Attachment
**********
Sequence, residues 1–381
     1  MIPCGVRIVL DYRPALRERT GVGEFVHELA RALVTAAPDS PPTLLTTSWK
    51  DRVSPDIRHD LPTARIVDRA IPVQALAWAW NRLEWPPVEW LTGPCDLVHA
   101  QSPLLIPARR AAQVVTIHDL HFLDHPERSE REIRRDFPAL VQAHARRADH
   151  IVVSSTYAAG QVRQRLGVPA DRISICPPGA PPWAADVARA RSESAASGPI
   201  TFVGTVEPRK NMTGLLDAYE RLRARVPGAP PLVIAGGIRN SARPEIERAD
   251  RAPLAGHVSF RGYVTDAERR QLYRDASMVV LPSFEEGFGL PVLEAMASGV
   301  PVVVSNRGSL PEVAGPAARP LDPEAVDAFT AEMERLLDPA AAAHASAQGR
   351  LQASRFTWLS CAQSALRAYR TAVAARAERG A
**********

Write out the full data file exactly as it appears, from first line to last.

Sequence, residues 1–381
     1  MIPCGVRIVL DYRPALRERT GVGEFVHELA RALVTAAPDS PPTLLTTSWK
    51  DRVSPDIRHD LPTARIVDRA IPVQALAWAW NRLEWPPVEW LTGPCDLVHA
   101  QSPLLIPARR AAQVVTIHDL HFLDHPERSE REIRRDFPAL VQAHARRADH
   151  IVVSSTYAAG QVRQRLGVPA DRISICPPGA PPWAADVARA RSESAASGPI
   201  TFVGTVEPRK NMTGLLDAYE RLRARVPGAP PLVIAGGIRN SARPEIERAD
   251  RAPLAGHVSF RGYVTDAERR QLYRDASMVV LPSFEEGFGL PVLEAMASGV
   301  PVVVSNRGSL PEVAGPAARP LDPEAVDAFT AEMERLLDPA AAAHASAQGR
   351  LQASRFTWLS CAQSALRAYR TAVAARAERG A